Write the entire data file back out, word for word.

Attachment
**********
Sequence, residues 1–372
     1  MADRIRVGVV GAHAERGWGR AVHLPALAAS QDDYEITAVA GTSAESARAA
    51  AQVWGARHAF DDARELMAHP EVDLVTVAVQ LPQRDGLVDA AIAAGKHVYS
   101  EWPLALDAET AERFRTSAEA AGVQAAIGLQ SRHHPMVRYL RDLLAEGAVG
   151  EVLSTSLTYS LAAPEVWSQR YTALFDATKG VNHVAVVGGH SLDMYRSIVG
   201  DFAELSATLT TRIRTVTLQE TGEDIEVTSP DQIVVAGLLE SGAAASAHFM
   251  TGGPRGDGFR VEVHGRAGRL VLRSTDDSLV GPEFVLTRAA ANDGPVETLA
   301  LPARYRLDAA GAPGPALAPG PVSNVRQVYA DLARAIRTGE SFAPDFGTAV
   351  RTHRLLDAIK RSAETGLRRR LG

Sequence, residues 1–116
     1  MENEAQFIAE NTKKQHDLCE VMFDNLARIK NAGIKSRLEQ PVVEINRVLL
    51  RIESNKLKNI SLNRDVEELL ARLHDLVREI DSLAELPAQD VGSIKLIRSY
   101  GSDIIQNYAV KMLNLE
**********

Sequence, residues 1–372
     1  MADRIRVGVV GAHAERGWGR AVHLPALAAS QDDYEITAVA GTSAESARAA
    51  AQVWGARHAF DDARELMAHP EVDLVTVAVQ LPQRDGLVDA AIAAGKHVYS
   101  EWPLALDAET AERFRTSAEA AGVQAAIGLQ SRHHPMVRYL RDLLAEGAVG
   151  EVLSTSLTYS LAAPEVWSQR YTALFDATKG VNHVAVVGGH SLDMYRSIVG
   201  DFAELSATLT TRIRTVTLQE TGEDIEVTSP DQIVVAGLLE SGAAASAHFM
   251  TGGPRGDGFR VEVHGRAGRL VLRSTDDSLV GPEFVLTRAA ANDGPVETLA
   301  LPARYRLDAA GAPGPALAPG PVSNVRQVYA DLARAIRTGE SFAPDFGTAV
   351  RTHRLLDAIK RSAETGLRRR LG

Sequence, residues 1–116
     1  MENEAQFIAE NTKKQHDLCE VMFDNLARIK NAGIKSRLEQ PVVEINRVLL
    51  RIESNKLKNI SLNRDVEELL ARLHDLVREI DSLAELPAQD VGSIKLIRSY
   101  GSDIIQNYAV KMLNLE